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Homogenization or homogenisation is any of several processes used to make a mixture of two mutually non-soluble liquids the same throughout. This is achieved by turning one of the liquids into a state consisting of extremely small particles distributed uniformly throughout the other liquid. A typical example is the homogenization of milk, wherein the milk fat globules are reduced in size and dispersed uniformly through the rest of the milk.
Homogenization (from "homogeneous;" Greek, homogenes: homos, same + genos, kind) is the process of converting two immiscible liquids (i.e. liquids that are not soluble, in all proportions, one in another) into an emulsion (Mixture of two or more liquids that are generally immiscible). Sometimes two types of homogenization are distinguished: primary homogenization, when the emulsion is created directly from separate liquids; and secondary homogenization, when the emulsion is created by the reduction in size of droplets in an existing emulsion. Homogenization is achieved by a mechanical device called a homogenizer.
Current industrial, high pressure homogenizing equipment is normally equipped with plunger-like pumps and valves, or nozzles, or interaction micron chambers made from abrasion-resistant ceramics or hard gemstones. There are mainly three traits that characterize effective homogenization: cavitation nozzle, impact valve and high shear liquid micro chamber.Among them, the micron interaction chamber regarded as one of the most powerful chambers to date, has been used by several manufacturers. In this systems, the flow stream is split into two channels that are redirected over the same plane at right angles and propelled into a single flow stream. High pressure promotes a high speed at the crossover of the two flows, which results in high shear, turbulence, and cavitation over the single outbound flow stream.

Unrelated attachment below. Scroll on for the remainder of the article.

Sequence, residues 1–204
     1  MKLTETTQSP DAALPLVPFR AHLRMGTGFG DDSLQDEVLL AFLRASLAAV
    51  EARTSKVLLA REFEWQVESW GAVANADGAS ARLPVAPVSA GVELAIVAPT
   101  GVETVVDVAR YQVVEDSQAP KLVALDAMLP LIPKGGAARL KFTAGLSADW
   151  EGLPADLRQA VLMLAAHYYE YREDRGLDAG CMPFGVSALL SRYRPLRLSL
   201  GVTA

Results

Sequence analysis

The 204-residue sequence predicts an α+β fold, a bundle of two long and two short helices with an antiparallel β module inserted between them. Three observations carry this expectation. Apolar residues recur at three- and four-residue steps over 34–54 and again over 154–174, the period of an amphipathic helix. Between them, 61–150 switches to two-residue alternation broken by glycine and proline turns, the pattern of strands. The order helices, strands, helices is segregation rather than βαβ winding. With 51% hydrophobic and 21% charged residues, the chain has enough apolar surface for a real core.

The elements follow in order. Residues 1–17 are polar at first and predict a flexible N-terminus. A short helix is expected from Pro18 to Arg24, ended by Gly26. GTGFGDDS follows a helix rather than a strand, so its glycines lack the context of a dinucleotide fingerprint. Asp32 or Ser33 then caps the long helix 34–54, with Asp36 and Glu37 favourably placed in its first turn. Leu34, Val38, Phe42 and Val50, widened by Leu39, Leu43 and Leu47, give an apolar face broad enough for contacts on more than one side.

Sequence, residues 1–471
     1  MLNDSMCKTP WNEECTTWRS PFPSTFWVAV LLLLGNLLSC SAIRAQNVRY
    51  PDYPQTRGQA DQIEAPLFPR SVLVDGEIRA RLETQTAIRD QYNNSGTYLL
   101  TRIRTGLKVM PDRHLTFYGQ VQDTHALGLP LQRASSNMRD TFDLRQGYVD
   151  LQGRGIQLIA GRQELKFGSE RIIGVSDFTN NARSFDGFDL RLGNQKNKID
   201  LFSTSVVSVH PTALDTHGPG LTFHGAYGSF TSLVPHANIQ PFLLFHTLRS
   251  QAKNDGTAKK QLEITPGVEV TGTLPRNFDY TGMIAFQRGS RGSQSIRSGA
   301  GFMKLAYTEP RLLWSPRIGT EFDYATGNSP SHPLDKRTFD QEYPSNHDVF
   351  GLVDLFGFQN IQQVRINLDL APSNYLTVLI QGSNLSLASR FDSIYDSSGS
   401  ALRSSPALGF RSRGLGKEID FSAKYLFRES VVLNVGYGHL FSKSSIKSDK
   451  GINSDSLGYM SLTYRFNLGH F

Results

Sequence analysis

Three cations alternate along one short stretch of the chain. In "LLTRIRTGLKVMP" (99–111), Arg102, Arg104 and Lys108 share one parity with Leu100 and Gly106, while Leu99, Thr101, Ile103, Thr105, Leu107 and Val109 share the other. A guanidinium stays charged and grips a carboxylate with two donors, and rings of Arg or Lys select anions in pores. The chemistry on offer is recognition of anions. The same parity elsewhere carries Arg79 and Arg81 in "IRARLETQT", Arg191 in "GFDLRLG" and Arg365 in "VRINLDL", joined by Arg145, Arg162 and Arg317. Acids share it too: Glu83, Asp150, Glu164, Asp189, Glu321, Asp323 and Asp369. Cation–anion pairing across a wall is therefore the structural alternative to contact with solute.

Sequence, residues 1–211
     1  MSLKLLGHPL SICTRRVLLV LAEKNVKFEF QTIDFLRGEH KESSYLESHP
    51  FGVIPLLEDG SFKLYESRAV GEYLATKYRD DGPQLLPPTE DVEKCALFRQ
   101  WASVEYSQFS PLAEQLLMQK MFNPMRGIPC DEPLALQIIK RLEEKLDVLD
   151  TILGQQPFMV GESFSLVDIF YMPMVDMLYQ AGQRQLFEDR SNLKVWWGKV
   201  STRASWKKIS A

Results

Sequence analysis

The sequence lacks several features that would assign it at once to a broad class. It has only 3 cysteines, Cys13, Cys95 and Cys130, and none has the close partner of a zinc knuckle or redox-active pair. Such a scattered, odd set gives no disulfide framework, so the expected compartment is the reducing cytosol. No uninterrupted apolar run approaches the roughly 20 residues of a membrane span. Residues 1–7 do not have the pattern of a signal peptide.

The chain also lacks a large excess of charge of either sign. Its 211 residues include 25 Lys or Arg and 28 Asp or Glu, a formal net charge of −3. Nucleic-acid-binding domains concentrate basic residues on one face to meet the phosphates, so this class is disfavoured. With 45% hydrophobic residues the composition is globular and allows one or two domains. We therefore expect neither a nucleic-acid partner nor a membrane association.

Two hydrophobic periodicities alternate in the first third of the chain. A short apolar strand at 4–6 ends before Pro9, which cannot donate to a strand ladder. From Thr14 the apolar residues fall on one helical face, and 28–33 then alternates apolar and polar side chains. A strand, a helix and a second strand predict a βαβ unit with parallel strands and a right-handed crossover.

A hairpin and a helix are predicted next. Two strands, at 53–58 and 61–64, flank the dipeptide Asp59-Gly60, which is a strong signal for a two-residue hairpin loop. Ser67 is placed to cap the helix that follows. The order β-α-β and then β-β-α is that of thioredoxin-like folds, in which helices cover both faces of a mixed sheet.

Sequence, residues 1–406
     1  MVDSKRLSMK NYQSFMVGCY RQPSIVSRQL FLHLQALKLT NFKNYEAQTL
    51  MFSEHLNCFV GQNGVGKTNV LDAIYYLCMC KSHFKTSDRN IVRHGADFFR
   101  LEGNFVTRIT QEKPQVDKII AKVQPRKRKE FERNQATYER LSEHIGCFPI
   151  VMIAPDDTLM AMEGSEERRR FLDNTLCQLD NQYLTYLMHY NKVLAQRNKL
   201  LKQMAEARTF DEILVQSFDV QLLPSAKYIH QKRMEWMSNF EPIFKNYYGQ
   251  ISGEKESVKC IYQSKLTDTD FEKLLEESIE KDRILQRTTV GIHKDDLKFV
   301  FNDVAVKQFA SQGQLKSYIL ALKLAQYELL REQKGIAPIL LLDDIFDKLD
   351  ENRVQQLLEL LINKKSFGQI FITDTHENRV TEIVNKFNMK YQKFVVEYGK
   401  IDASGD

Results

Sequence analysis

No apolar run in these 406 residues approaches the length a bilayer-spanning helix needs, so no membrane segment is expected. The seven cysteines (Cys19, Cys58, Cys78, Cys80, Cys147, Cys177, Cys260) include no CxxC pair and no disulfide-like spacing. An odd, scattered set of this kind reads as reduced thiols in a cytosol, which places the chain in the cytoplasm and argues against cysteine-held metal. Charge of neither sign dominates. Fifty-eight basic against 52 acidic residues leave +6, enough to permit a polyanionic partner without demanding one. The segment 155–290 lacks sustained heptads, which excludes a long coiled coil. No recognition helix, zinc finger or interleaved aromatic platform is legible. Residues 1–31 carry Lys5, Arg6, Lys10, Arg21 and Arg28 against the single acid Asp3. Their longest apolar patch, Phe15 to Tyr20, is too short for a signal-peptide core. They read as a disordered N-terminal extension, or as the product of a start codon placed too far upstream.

One of the oldest applications of homogenization is in milk processing. It is normally preceded by "standardization" (the mixing of milk from several different herds or dairies to produce a more consistent raw milk prior to processing). The fat in milk normally separates from the water and collects at the top. Homogenization breaks the fat into smaller sizes so it no longer separates, allowing the sale of non-separating milk at any fat specification.
Milk homogenization is accomplished by mixing large amounts of harvested milk, then forcing the milk at high pressure through small holes. Milk homogenization is an essential tool of the milk food industry to prevent creating various levels of flavor and fat concentration.
Another application of homogenization is in soft drinks like cola products. The reactant mixture is rendered to intense homogenization, to as much as 35,000 psi, so that various constituents do not separate out during storage or distribution.
- "Homogenization", Encyclopædia Britannica. Encyclopædia Britannica Online Academic Edition, Encyclopædia Britannica Inc., retrieved October 6, 2013
- homo-, word origin
- McClements, David J. (2008). "Lipid-Based Emulsions and Emulsifiers". In Akoh, Casimir C.; Min, David B. (eds.). Food Lipids: Chemistry, Nutrition, and Biotechnology. Food Science and Technology (Third ed.). Boca Raton, Florida: CRC. p. 77. ISBN 978-1420046649.
- Explanation of the technology along with theories on how the homogenization mechanism actually works.